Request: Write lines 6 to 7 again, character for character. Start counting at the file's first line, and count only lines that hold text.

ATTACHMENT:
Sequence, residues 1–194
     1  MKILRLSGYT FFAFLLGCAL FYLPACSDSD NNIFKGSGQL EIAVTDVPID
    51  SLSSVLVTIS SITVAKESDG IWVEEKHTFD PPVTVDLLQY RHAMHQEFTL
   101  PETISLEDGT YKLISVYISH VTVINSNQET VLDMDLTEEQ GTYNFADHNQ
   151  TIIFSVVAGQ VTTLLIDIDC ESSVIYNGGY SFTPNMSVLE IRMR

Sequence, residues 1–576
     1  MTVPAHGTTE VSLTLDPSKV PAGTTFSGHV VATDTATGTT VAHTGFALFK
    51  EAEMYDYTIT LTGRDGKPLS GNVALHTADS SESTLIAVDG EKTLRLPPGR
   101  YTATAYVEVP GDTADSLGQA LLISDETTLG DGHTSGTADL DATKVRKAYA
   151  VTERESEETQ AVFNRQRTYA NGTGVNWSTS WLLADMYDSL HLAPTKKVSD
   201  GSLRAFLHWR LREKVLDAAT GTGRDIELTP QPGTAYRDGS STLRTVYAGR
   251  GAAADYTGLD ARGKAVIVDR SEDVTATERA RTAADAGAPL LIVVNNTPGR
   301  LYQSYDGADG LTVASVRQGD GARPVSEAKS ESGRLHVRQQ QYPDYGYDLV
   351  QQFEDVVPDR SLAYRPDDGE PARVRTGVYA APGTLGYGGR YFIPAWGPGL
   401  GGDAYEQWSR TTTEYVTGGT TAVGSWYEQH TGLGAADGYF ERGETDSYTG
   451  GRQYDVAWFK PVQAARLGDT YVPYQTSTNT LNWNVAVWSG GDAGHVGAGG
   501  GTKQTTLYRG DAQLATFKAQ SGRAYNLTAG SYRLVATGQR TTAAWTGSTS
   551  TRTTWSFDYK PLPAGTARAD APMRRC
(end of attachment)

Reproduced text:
Sequence, residues 1–576
     1  MTVPAHGTTE VSLTLDPSKV PAGTTFSGHV VATDTATGTT VAHTGFALFK